Software has always been very difficult to develop and even more difficult to modify. Witness the billions of dollars being spent by corporations worldwide to upgrade or replace approximately 36 million applications so they will function correctly in the year 2000 (Y2K) and beyond. Those unfamiliar with software development struggle to understand why something as simple as the representation of the year, a four digit number comprehended by most kindergarten children, can wreak such havoc on software. Given software's difficulty in handling the Y2K issue, it is even more amazing that brand new computer programming languages like Java can help accomplish such feats as bringing color images back from a small toy-like rover on Mars and allow them to be displayed on our PCs at home a few minutes later.
Many people think the Y2K problem is a one-time occurrence in the history of software. This is not at all so. Some other similar software problems include:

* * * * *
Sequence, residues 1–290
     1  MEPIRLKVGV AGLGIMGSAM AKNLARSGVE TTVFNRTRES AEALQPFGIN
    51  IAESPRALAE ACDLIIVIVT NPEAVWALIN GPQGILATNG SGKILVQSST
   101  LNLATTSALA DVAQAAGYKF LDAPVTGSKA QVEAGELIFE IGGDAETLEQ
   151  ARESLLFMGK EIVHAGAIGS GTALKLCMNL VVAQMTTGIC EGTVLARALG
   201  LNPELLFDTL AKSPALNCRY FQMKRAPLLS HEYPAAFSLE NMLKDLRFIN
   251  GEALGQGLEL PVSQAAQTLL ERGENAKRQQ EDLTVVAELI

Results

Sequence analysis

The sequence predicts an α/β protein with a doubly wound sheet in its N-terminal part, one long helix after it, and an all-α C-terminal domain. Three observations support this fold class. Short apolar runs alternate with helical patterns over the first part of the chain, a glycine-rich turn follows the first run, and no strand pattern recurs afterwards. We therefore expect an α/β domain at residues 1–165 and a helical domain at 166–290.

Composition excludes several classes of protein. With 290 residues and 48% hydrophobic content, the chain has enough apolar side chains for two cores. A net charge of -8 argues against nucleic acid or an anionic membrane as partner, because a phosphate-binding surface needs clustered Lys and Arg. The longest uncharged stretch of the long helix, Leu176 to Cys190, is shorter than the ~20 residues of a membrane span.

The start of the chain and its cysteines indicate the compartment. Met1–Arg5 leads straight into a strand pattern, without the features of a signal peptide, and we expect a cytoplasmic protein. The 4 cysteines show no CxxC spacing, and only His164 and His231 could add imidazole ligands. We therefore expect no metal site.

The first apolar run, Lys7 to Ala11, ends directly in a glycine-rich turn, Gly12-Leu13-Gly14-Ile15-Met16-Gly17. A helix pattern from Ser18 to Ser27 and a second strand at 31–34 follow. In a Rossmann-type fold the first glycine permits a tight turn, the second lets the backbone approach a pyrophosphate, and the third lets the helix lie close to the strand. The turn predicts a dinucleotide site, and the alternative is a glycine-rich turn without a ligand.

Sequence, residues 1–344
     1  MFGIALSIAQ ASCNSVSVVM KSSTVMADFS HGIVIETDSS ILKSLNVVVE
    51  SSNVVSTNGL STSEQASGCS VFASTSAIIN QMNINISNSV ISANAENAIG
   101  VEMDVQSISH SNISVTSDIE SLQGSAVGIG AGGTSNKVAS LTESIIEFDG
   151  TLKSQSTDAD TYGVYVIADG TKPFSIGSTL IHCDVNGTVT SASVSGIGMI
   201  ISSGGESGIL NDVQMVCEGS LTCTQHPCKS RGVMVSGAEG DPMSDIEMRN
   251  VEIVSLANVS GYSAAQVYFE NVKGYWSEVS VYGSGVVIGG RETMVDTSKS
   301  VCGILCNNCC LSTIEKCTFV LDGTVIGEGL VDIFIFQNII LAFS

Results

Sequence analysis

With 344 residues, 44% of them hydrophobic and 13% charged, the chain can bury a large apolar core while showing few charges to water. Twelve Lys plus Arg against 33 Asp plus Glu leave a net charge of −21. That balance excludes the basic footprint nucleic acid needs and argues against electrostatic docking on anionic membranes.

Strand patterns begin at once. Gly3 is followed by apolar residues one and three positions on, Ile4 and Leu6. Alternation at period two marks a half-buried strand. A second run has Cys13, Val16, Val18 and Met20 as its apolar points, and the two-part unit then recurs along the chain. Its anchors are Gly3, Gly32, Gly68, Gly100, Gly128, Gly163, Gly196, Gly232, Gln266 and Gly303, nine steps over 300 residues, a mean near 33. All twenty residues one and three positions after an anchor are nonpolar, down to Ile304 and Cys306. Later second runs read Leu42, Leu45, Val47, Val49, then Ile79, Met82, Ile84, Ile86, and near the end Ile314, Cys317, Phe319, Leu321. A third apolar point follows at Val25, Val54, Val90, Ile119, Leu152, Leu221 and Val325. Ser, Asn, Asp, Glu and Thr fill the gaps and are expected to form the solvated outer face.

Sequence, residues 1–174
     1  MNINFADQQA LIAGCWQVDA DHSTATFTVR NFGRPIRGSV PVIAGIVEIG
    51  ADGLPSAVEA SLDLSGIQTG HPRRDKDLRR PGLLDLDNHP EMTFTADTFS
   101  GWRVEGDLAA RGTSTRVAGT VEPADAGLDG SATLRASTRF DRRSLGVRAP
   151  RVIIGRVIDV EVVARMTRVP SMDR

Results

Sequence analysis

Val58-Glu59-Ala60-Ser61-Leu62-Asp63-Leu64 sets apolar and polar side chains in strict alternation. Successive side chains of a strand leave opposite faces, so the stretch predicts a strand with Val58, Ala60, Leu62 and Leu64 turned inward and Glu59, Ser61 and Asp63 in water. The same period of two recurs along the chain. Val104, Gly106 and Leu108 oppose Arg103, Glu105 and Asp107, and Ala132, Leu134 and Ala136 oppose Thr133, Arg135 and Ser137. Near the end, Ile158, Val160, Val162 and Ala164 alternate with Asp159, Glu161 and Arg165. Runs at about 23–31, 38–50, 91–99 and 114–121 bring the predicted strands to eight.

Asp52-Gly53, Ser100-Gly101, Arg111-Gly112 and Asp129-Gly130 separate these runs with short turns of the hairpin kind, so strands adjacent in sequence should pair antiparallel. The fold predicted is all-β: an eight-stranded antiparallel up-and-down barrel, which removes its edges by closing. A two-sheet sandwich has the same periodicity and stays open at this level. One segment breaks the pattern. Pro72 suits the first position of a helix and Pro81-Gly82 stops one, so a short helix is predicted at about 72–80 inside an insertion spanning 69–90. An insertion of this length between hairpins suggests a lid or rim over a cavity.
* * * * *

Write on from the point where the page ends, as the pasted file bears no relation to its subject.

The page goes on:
Around the year 2015, the phone system is projected to run out of three-digit area codes, requiring changes to approximately 25 million applications
In 1999, European countries switched over to a new universal currency, the euro, for non-cash transactions. By mid-2002, the use of the euro will be expanded to include cash transactions. These changes will impact approximately 10 million applications.
On August 21, 1999, the Global Positioning System (GPS) week-counter will rollover. GPS keeps track of dates by recording the number of weeks from midnight on January 5, 1980 using a modulo 1024 approach. This will impact approximately 250,000 applications.
Around the year 2075, United States social security numbers, based on a nine digit number, are expected to run out. Approximately 15 million applications use social security numbers and would be impacted by this.